Despite the significant benefits of the SLMTA programme, two of the eight respondents indicated that laboratory quality improvements were not as large as they had expected. The main challenges they faced in implementing the programme included high turnover of trained staff, inconsistent and inadequately-trained mentors and a lack of awareness regarding the importance of SLMTA at some facilities.

The respondents recommended further training for laboratory staff and sensitisation workshops for medical directors and hospital CEOs. For sustainable SLMTA implementation throughout the country, respondents suggested national strategic planning and empowerment of regional laboratories to oversee the programme in their respective regions.

Facility-level laboratory quality officers’ and managers’ perceptions of SLMTA
Of the 47 facility laboratory managers and quality officers surveyed, 40 (85%) viewed the SLMTA programme as being a critical step in the laboratory quality improvement process. All participants reported that SLMTA impacted every laboratory process and believed that positive and sustainable changes had occurred at all levels of the laboratory. They reported more confidence about the procedures to follow as well as a better understanding of the tests they performed, and felt that they were given more responsibilities for laboratory quality improvement processes.

Thirty-five (74%) of the participants reported satisfaction with the SLMTA training methods and that they gained important knowledge and experience. The remaining 12 (26%) respondents had various complaints about the training methods. For example, one respondent (Participant 03) reported that ‘the programme was launched without availing computers and providing basic computer skill training’ as there were no computers available at the training facility.

Half of the participating quality officers and laboratory managers related that, even though SLMTA demanded more resources than were currently available, improvements and changes were vital for their laboratories. They reported that the ministry planned to provide the resources necessary for accreditation preparation. The other half indicated that SLMTA’s value for accreditation preparation was low in comparison to the resources and time required to implement. One said, ‘[w]e were spending so much of our time preparing different documents that had no potential impact on the quality of laboratory services’ (Participant 01).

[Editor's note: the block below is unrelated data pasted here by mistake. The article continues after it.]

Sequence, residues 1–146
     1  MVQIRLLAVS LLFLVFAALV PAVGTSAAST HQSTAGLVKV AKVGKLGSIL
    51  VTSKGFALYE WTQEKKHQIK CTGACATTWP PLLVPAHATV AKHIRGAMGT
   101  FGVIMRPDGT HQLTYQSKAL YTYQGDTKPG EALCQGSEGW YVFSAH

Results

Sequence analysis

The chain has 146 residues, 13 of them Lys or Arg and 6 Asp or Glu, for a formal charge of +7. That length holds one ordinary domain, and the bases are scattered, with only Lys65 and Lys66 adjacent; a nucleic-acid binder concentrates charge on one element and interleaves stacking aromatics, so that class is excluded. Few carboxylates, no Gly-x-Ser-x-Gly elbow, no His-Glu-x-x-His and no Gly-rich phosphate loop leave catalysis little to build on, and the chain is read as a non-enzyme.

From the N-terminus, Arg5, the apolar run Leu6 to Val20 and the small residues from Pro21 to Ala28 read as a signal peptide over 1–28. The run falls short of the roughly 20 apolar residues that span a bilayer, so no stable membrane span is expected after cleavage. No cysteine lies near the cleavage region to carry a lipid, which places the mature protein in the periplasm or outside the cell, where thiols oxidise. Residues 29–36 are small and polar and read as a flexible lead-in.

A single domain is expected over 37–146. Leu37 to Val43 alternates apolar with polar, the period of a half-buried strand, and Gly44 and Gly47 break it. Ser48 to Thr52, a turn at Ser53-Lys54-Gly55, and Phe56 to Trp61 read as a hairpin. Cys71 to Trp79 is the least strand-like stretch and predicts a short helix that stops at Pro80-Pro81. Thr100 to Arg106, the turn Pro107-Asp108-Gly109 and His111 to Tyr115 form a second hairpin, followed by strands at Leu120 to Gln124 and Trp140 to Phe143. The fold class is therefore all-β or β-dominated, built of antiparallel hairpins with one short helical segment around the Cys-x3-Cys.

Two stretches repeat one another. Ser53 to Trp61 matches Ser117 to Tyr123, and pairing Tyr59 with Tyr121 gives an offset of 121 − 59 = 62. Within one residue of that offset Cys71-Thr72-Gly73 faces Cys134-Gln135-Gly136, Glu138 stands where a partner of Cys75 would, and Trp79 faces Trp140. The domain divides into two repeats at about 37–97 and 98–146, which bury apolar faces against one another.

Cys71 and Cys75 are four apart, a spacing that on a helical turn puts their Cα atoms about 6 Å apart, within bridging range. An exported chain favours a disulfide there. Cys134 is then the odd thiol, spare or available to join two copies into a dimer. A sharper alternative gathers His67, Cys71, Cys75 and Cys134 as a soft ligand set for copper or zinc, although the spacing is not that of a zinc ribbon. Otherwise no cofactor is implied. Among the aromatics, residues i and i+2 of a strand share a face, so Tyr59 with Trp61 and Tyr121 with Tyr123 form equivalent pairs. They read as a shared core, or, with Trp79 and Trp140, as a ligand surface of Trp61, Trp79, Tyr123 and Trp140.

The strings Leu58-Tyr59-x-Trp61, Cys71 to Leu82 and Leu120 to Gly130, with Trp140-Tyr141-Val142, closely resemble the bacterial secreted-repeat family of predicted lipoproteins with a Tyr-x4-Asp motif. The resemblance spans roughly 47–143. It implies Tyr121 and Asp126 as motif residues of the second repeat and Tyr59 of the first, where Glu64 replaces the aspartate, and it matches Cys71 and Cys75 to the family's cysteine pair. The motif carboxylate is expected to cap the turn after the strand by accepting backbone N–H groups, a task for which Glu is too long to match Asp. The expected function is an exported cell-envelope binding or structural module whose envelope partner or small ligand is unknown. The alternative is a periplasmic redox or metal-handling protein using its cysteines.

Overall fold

Thirty-five (74%) respondents indicated that they faced challenges resulting from a lack of commitment on the part of laboratory staff and management. The remaining 12 (26%) respondents said that staff and management commitment was not a problem in their facilities and that SLMTA implementation was facilitated by post-training orientation, close communication with management, scheduling of regular staff meetings and motivation of the staff and management.

All participants agreed that SLMTA had improved communication between laboratory staff and management and had led to measurable quality improvements. They reported that the most dramatic improvements were seen in reduced turnaround times, decreased equipment down times, new and functional data management systems and minimised supply lead times. Additionally, laboratory logistics information systems had been implemented and storage conditions improved.

Twenty-eight (60%) quality officers and laboratory managers indicated that there had been no regular mentor visits in their laboratories, either from EPHI or from implementing partners. All participants cited a lack of consistency amongst mentors and limited time for mentorship as being critical barriers to SLMTA implementation.

Hospital chief executive officers’ perceptions of SLMTA
From the survey of 17 hospital CEOs, 10 (59%) understood the importance, requirements and desired outcomes of the SLMTA programme, whilst seven (41%) were uncertain. The notable difference between the two groups was that the former worked more closely with laboratory management.

All 17 hospital CEOs agreed that the programme was resource-demanding and focused more on documentation than on actual laboratory testing. Eight (47%) believed that SLMTA was of insufficient value in their facilities given the significant amount of precious human resources consumed. Seven of these eight CEOs were from facilities that had scored zero stars at the exit audit. On the other hand, six (35%) CEOs whose facilities had improved and had scored one to three stars at the exit audit noticed the laboratory improvements and felt that the programme was valuable. Nine of the 17 hospital CEOs (52.9%) reported that they were so impressed with the programme that they were using the laboratory as a model for transforming their entire hospital system.

Focus groups

Commitment, integration, output and impact of SLMTA on healthcare systems
Focus group members raised several issues during their discussions regarding outputs and impacts of SLMTA. They noted that they were proud of the results, which measurably improved quality of patient care. One participant shared his opinion: